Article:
The last and most joyous festival of the Jewish holiday season is almost upon us – Sukkot finishes tonight and Simchat Torah begins.
Today, the last day of Sukkot, is known as Hoshana Raba. Here’s a short Hebrew article on Arutz Sheva which has an accompanying video (which I can’t embed here) of the tefilot (prayers) for Hoshana Raba at the Kotel which took place at dawn this morning.
Below are a couple of pictures from last year too:
As I wrote in previous years’ Simchat Torah posts, (which I have updated for this year):
(Note: Several Hebrew terms have dotted underlines: mouse over them for an explanation.)
After 3 weeks of chagim (festivals), starting off with the solemn Rosh Hashana, continuing on through the fast day of Yom Kippur, followed closely by Sukkot, we are now hurtling straight into the last day of the festive season: Simchat Torah (Rejoicing of the Torah). It is a day that is combined with Shemini Atzeret (lit: 8th day of Assembly) in Israel, whereas outside Israel it is celebrated over 2 days, with Shemini Atzeret first, and Simchat Torah on the next day, for reasons to be found here.
The festival is almost schizophrenic in character because its two parts are so completely different. Shemini Atzeret is festive yet serious, with the Yizkor (memorial for the dead) prayer and Tefilat Geshem (more on that here).
Simchat Torah on the other hand is pure joy, and in Israel, with the festival being celebrated all on one day, it always feels very strange to me to make the sudden switch from all the happiness and jollity of Simchat Torah to the serious prayers of Shemini Atzeret during the Musaf prayers.
But such is the reality of Jewish life I suppose, with seriousness and joy and celebration all rolled together.
So tonight we will all be gathering in shul to start the celebrations, and the excitement of the day is something I still remember from my own childhood. All the Torah scrolls will be removed from the Aron Hakodesh and distributed to congregants. Then the singing and dancing commences, with the Torah scrolls being danced round the shul in 7 hakafot; between each hakafah the Torahs are handed to other members. During the dancing sweets are handed out to the children who dance with their fathers holding flags (and bags to hold the sweets!).
Tomorrow morning, after morning services, the dancing with the Torah scrolls will be repeated, followed by the reading of the last chapters of the Torah: Zot Habracha (“This is the Blessing”), the blessing given by Moshe to the Children of Israel just before his death. The portion is read over and over (and over!) until every single member of the shul has been given an aliya. At that stage all the children are called up under a Chuppah, and they recite the Hamalach Hagoel prayer together with Shema Yisrael. It is an extremely exciting yet moving experience and I wouldn’t miss it for the world.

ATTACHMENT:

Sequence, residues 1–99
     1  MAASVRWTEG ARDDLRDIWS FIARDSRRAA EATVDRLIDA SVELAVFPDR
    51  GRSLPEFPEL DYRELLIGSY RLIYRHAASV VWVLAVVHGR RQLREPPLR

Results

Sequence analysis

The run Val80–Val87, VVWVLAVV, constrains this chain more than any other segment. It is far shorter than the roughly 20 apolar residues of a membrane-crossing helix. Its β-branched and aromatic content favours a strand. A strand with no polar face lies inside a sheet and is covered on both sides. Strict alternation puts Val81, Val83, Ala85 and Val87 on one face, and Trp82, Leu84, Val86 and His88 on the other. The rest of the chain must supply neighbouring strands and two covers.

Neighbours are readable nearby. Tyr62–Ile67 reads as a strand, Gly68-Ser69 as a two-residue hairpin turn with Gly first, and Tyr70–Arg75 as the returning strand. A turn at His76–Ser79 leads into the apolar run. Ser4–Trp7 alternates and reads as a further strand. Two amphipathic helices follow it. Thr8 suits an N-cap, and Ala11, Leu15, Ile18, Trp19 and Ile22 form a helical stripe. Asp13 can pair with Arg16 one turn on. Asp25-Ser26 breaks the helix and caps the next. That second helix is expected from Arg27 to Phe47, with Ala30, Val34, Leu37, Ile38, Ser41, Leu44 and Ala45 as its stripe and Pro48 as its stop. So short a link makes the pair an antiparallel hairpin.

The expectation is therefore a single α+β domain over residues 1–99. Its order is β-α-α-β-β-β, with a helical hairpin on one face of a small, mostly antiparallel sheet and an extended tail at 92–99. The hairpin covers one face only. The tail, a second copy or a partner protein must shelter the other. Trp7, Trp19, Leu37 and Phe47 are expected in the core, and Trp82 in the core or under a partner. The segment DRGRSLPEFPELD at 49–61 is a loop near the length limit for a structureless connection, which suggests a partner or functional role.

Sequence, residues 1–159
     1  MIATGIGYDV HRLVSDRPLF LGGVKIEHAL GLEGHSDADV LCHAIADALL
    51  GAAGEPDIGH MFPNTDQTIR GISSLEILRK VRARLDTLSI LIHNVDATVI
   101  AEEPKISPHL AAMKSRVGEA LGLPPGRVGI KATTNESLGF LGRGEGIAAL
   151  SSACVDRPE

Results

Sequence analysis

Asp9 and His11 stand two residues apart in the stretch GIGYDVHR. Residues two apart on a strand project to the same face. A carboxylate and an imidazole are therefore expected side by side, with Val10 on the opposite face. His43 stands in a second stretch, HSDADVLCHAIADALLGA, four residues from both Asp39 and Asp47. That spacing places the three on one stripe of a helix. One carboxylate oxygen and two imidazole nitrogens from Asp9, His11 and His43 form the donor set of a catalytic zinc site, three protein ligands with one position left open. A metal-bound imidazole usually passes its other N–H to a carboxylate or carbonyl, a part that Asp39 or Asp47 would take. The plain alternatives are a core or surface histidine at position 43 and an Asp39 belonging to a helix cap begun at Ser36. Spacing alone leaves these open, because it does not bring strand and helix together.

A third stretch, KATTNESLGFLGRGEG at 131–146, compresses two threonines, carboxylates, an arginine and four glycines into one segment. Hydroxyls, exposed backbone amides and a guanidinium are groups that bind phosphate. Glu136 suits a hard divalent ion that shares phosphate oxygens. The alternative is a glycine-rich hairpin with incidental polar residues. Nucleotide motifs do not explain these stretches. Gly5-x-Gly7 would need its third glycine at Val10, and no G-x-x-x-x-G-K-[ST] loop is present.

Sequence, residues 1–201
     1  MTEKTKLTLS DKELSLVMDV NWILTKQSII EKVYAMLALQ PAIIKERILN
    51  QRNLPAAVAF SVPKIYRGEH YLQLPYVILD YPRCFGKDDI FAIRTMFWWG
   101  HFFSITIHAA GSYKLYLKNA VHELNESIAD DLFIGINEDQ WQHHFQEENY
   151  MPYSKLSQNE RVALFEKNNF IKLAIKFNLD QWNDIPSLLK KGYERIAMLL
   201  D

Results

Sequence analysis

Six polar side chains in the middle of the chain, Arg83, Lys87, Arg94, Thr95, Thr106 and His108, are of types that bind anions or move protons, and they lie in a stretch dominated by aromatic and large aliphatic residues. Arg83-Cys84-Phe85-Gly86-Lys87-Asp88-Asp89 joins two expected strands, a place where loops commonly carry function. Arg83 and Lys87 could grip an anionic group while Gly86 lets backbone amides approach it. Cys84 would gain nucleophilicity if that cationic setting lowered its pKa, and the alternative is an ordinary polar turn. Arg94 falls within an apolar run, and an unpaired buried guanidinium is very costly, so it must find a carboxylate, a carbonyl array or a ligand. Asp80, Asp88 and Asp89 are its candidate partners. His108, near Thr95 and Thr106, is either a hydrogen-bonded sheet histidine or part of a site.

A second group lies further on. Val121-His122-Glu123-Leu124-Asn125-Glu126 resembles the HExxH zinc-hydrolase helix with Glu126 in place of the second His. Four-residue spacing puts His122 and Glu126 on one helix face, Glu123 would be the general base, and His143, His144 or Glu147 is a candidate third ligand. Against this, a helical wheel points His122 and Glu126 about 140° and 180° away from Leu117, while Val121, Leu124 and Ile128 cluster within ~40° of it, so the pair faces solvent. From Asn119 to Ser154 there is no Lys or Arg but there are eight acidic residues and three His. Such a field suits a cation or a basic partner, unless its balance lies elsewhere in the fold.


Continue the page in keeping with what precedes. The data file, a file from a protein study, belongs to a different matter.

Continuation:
There are several other customs on Simchat Torah: one person is nominated to be Chatan Torah, another to be Chatan Bereishit. This year my brother has been honoured to be named Chatan Bereishit. We’ll all be there to cheer him on!
At the end of all the Torah readings, the Chatan Bereishit starts the Torah reading right from the beginning by reading the first chapters of Bereishit, to show how happy we are to begin the cycle again.
Once all these festivities are over, the atmosphere takes a sudden turn to the serious, and we say Yizkor, followed by Tefilat Geshem. This year the first rains have fallen early and several sukkot were washed out or the lights fused by the sudden rain. However you will never hear anyone complaining about the rain in Israel. At the first droplets you hear children shouting in joy “Geshem!” (Rain!). It’s such an exciting experience after 6 or more dry months. In the Bible the rainfall in Israel is so closely connected to our behaviour and keeping the mitzvot that it is a positive relief, even to the secular amongst us, to see the rain arrive in the right time.
On a final note: all the main prayers in our shul on Rosh Hashana, Yom Kippur and Simchat Torah were led by my very talented husband and my equally talented brother. Yasher koach to both of you on your hard work and beautiful singing. On Rosh Hashanah the Shofar was blown smoothly and professionally (and loudly!) by my brother in law, and he too gets a loud yasher koach!
Chag Sameach everyone!